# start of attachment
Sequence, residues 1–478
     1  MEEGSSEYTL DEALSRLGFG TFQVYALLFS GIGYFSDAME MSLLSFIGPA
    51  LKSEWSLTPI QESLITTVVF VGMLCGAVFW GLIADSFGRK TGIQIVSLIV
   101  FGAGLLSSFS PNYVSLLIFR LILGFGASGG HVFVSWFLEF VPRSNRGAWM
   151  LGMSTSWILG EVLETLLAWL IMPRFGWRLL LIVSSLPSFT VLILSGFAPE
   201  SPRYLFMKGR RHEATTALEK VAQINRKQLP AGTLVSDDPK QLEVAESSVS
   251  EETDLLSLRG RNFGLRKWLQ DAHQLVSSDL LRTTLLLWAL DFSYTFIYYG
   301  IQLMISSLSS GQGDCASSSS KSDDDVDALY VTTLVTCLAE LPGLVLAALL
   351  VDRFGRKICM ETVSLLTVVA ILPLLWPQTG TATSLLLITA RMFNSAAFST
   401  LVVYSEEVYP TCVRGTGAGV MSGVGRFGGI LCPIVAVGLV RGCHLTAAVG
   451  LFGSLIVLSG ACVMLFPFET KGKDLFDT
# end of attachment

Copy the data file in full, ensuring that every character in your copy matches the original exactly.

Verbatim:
Sequence, residues 1–478
     1  MEEGSSEYTL DEALSRLGFG TFQVYALLFS GIGYFSDAME MSLLSFIGPA
    51  LKSEWSLTPI QESLITTVVF VGMLCGAVFW GLIADSFGRK TGIQIVSLIV
   101  FGAGLLSSFS PNYVSLLIFR LILGFGASGG HVFVSWFLEF VPRSNRGAWM
   151  LGMSTSWILG EVLETLLAWL IMPRFGWRLL LIVSSLPSFT VLILSGFAPE
   201  SPRYLFMKGR RHEATTALEK VAQINRKQLP AGTLVSDDPK QLEVAESSVS
   251  EETDLLSLRG RNFGLRKWLQ DAHQLVSSDL LRTTLLLWAL DFSYTFIYYG
   301  IQLMISSLSS GQGDCASSSS KSDDDVDALY VTTLVTCLAE LPGLVLAALL
   351  VDRFGRKICM ETVSLLTVVA ILPLLWPQTG TATSLLLITA RMFNSAAFST
   401  LVVYSEEVYP TCVRGTGAGV MSGVGRFGGI LCPIVAVGLV RGCHLTAAVG
   451  LFGSLIVLSG ACVMLFPFET KGKDLFDT